Last Tuesday, Borough President Eric Adams continued his tradition of recognizing heroic and philanthropic actions by Brooklyn residents and community groups.
“Our Heroes of the Month showcase the best our borough and our city has to offer,” Adams said in a statement. “These individuals stepped up to help those in need, showing how everyday people can do extraordinary things.”
For the month of October, Adams recognized NYPD officers Joseph Glorioso and Giovanni Cucuzza of the 61st Precinct in south Brooklyn. Glorioso, Cucuzza and Officer John Desiderio were bowling at Rab’s Country Lanes in Staten Island when a man suffered a heart attack.
After the officers placed the man on his back, Cucuzza ran to retrieve the bowling alley’s defibrillator as Desiderio performed chest compressions. Glorioso checked the man’s vital signs.
The cops then ripped open the man’s shirt and used the defibrillator to save his life.
November’s honoree was Officer Michelle Schack, who was contacted on November 15 by a Brooklyn mother whose daughter had been sending “disturbing text messages.” The 27-year-old woman reportedly said she “can’t go on like this anymore” and planned to kill herself and her infant daughter, Adams said.
Schack used NYPD cell phones to track the vehicle, which was going over the Verrazano Bridge, which was along the route to the family’s Pennsylvania home.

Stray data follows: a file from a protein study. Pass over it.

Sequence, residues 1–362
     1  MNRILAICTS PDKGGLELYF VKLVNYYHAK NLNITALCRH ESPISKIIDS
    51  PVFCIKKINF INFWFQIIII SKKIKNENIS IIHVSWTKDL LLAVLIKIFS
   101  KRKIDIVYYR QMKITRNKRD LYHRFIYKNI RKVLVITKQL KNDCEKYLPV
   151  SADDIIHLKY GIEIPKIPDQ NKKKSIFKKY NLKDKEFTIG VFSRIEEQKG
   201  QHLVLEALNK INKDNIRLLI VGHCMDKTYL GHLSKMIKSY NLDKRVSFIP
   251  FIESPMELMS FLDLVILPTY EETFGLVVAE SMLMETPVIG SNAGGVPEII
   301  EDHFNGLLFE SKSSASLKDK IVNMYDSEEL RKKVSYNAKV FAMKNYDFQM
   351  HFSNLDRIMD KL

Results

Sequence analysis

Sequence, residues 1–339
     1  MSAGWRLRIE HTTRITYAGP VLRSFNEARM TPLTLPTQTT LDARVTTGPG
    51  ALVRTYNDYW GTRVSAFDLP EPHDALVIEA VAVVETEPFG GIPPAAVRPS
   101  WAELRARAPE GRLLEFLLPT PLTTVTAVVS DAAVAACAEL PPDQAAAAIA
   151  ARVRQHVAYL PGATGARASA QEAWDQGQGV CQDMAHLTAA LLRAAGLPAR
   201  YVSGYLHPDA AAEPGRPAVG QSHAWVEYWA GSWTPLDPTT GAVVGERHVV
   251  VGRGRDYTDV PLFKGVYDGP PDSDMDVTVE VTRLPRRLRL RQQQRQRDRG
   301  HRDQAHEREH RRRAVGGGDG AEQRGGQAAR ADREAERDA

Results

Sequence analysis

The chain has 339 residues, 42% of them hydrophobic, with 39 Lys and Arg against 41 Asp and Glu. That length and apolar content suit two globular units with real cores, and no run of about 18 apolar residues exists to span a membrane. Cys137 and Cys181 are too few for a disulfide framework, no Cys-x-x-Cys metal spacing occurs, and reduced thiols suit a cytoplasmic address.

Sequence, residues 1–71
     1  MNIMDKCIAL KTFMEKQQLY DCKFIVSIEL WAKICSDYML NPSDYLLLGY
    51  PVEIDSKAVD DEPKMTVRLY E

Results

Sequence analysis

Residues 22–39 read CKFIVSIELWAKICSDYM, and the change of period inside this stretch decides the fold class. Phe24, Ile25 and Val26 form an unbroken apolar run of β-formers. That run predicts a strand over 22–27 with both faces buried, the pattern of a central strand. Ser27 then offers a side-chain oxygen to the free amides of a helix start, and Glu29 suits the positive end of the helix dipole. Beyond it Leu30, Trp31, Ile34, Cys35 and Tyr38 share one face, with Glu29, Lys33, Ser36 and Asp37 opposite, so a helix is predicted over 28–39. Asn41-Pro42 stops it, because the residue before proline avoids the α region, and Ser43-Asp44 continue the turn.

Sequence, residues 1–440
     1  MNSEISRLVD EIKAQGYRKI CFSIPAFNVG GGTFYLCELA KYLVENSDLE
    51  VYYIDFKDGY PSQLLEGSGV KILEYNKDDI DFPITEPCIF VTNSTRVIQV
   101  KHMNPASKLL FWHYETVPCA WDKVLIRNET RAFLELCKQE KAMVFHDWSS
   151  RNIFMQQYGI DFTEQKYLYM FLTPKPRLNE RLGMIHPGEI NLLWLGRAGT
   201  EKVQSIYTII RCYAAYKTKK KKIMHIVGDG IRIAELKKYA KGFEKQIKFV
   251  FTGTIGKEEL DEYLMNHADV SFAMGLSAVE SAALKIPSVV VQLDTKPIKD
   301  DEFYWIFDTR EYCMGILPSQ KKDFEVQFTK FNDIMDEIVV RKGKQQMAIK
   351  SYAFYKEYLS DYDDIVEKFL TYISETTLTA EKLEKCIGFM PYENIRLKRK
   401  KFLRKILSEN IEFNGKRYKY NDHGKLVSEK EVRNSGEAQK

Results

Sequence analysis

The officer contacted the owner of a gun store close to the family’s Pennsylvania home, and directed him to stall her if she came in to buy a gun. After the woman walked into the store, the owner called 911, resulting in the police showing up to take the mother and her baby to a local hospital for evaluation.
“These courageous actions are yet more examples of the professionalism and dedication of NYPD officers,” said Sergeant Mary Frances O’Donnell, an NYPD spokesperson. “Whether on or off duty, New Yorkers can rely on NYPD officers to help.”
Borough Hall honored two different organizations for the month of December.
The first was the Met Council, a social services and advocacy group that donated and delivered 10,000 pounds of kosher food to the Jewish community in Jersey City after the anti-Semitic shooting that killed four people last year.
The council then set up a free store at the Bethune Community Center on Martin Luther King Drive, where Jewish residents shopped for supplies, including challah, gefilte fish, cheese, cereal and milk.
Jessica Chait, managing director of food programs at Met Council, was recognized in particular.
“Jessica and her kosher food team work tirelessly every single day to ensure that Met Council feeds over 181,500 New Yorkers through our network of 40 food pantries,” said David Greenfield, CEO of Met Council.
The last honoree of the ceremony was Mallory McMahon, co-founder of Fight Back Bay Ridge. In December, a handmade banner promoting a white nationalist website was found hanging over a pedestrian overpass on the Belt Parkway.
McMahon coordinated a rally with 11 other community groups to fight against hate and facism.
“It’s really exciting to be honored just for doing what feels right,” McMahon said. “I hope others will be excited by this story to do the same.”